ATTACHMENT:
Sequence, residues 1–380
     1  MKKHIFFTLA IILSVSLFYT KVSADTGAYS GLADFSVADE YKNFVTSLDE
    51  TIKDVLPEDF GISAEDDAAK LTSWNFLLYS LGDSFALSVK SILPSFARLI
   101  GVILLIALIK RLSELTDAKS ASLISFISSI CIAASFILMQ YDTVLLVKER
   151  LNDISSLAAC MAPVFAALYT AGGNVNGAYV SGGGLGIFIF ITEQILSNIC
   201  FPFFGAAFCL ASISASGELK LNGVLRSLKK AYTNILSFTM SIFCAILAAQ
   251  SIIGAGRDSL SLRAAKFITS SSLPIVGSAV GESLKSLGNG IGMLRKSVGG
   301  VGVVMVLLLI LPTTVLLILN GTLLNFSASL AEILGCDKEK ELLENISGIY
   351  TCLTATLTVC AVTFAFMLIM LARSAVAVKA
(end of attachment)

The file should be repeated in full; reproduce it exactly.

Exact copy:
Sequence, residues 1–380
     1  MKKHIFFTLA IILSVSLFYT KVSADTGAYS GLADFSVADE YKNFVTSLDE
    51  TIKDVLPEDF GISAEDDAAK LTSWNFLLYS LGDSFALSVK SILPSFARLI
   101  GVILLIALIK RLSELTDAKS ASLISFISSI CIAASFILMQ YDTVLLVKER
   151  LNDISSLAAC MAPVFAALYT AGGNVNGAYV SGGGLGIFIF ITEQILSNIC
   201  FPFFGAAFCL ASISASGELK LNGVLRSLKK AYTNILSFTM SIFCAILAAQ
   251  SIIGAGRDSL SLRAAKFITS SSLPIVGSAV GESLKSLGNG IGMLRKSVGG
   301  VGVVMVLLLI LPTTVLLILN GTLLNFSASL AEILGCDKEK ELLENISGIY
   351  TCLTATLTVC AVTFAFMLIM LARSAVAVKA